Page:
Difference between revisions of Measurement

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(We now have a Varkari's Vision Log Tool article)
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** [https://endmyopia.org/another-diy-diopter-measuring-tool/ Making the physical measurement easier]
 
** [https://endmyopia.org/another-diy-diopter-measuring-tool/ Making the physical measurement easier]
 
*[[Varakari's Vision Log Tool]]
 
*[[Varakari's Vision Log Tool]]
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* [https://endmyopia.org/focal-calculator/calc.html EndMyopia cm calculator]
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* [https://endmyopia.org/measure/ Measurement]
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* [https://testflight.apple.com/join/wuAvRvdL The iOS Sight Meter App]
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* [https://play.google.com/store/apps/details?id=org.endmyopia.calc The Android Diopter Calculator]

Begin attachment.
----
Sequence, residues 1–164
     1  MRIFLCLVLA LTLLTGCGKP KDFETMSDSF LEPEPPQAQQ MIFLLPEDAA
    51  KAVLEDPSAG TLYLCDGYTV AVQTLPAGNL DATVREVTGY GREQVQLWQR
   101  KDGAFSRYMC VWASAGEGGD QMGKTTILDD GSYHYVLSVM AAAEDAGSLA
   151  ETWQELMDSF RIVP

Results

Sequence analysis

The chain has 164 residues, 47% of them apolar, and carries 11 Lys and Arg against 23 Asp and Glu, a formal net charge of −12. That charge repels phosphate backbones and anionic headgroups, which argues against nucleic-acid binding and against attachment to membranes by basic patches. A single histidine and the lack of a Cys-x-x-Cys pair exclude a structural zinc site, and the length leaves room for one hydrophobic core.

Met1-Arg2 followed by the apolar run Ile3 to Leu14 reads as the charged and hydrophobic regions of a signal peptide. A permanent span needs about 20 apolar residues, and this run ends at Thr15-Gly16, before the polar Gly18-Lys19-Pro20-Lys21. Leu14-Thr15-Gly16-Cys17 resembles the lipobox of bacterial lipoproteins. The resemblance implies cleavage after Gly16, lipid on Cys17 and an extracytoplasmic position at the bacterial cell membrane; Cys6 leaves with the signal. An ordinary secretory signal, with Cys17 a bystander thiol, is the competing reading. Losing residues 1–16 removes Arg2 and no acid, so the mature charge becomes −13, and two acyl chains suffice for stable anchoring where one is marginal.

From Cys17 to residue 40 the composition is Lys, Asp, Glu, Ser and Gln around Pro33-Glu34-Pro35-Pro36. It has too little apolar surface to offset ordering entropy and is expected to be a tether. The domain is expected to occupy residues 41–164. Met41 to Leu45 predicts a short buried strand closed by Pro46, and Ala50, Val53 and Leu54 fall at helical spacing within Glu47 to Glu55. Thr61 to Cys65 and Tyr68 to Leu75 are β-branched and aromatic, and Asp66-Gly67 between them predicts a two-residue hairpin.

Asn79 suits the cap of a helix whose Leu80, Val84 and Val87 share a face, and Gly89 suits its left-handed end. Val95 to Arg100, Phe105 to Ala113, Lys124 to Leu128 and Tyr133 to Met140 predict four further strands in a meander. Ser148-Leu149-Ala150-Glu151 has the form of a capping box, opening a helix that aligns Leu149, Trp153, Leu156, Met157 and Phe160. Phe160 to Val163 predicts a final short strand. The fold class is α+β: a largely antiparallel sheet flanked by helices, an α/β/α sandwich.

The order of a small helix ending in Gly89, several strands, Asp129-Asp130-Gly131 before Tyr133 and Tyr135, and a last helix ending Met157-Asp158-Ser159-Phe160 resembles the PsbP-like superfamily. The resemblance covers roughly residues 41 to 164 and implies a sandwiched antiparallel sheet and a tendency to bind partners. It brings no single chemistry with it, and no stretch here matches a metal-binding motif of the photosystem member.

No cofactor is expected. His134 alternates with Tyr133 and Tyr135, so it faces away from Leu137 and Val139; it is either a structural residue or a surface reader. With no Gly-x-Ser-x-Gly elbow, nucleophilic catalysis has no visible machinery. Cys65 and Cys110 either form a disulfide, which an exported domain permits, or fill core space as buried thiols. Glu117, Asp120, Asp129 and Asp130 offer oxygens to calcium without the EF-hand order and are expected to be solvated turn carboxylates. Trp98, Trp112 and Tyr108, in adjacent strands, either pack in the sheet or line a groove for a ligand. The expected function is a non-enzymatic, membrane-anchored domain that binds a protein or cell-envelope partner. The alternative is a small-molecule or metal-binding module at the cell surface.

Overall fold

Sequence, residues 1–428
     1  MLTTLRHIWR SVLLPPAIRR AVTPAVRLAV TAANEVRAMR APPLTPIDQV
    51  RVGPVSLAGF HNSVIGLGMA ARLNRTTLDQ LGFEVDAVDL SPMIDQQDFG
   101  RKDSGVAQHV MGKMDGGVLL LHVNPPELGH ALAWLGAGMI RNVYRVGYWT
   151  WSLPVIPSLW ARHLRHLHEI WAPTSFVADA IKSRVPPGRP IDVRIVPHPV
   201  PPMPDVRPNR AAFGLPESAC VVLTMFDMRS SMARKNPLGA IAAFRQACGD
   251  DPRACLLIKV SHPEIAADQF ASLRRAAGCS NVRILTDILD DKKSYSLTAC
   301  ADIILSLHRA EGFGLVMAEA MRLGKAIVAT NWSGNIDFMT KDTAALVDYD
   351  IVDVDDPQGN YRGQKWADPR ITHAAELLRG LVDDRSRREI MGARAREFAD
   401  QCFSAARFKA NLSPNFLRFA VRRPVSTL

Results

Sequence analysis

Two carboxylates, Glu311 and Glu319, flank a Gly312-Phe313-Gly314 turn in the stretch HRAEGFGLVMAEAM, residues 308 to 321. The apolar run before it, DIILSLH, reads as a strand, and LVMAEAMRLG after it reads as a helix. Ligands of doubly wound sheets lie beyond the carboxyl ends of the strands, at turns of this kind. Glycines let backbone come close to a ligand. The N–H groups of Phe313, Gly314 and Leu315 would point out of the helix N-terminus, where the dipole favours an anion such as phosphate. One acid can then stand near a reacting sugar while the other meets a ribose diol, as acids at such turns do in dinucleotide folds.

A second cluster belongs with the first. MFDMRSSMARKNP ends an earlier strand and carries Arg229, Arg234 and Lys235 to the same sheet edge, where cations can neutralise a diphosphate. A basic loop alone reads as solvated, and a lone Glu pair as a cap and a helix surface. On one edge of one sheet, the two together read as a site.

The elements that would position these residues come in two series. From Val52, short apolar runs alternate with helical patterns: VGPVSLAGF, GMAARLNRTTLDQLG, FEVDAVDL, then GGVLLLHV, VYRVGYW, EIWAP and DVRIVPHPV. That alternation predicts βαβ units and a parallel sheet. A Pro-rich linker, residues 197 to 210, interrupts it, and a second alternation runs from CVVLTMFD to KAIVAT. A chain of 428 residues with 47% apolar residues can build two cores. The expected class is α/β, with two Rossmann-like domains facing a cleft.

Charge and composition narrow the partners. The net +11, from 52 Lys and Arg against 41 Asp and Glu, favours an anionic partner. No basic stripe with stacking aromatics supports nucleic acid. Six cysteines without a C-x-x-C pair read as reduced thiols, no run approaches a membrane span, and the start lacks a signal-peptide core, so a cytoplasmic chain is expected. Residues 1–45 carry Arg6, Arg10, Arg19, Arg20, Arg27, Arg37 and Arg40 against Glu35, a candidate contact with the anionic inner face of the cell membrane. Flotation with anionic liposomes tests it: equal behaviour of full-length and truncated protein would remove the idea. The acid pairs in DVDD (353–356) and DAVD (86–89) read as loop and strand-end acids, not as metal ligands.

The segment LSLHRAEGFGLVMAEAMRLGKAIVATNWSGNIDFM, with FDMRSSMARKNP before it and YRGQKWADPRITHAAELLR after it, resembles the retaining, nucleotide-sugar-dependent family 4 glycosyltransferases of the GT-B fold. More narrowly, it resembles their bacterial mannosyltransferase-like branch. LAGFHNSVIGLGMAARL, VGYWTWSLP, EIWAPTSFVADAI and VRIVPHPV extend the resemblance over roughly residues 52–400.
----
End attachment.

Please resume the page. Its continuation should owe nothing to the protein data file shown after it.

==References==
 
==References==
 
{{reflist}}
 
{{reflist}}
 
[[Category:Articles]]
 
[[Category:Articles]]

Revision as of 21:45, 5 September 2020


cm Measurement

A simple test for your level of myopia is to hold a ruler up to your eye, and measure how far away you can still read text without blur. If you measure this distance in centimetres, this is your "cm measurement". The ideal precise measurement is from the surface of your eyeball, but this is obviously not safe, so measure from some facial structure near your eye. Consistency is more important than accuracy, you want to be able to track your small changes over the course of a day, and larger changes over time.

Diopters = -100cm/cm measurement.

This test is fairly accurate up to about -10 Diopters. This is not corrected for vertex distance, but below -4D vertex distance has no significant effect, and your normalized lenses should be a little low anyway.

Trial Refraction

If your vision is worse than -10D, you may need a trial lens kit to measure your own myopia, or you may just stick to professional optometrist exams.

Tools

References